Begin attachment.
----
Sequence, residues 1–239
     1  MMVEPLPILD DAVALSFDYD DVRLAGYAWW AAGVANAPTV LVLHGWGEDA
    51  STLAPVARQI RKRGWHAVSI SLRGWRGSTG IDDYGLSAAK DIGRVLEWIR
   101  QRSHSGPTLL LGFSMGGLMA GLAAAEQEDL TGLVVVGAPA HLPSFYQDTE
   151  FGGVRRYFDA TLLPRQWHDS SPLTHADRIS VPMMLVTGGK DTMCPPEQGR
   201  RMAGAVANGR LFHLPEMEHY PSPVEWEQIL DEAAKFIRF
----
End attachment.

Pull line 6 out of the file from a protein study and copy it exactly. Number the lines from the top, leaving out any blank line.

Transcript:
   201  RMAGAVANGR LFHLPEMEHY PSPVEWEQIL DEAAKFIRF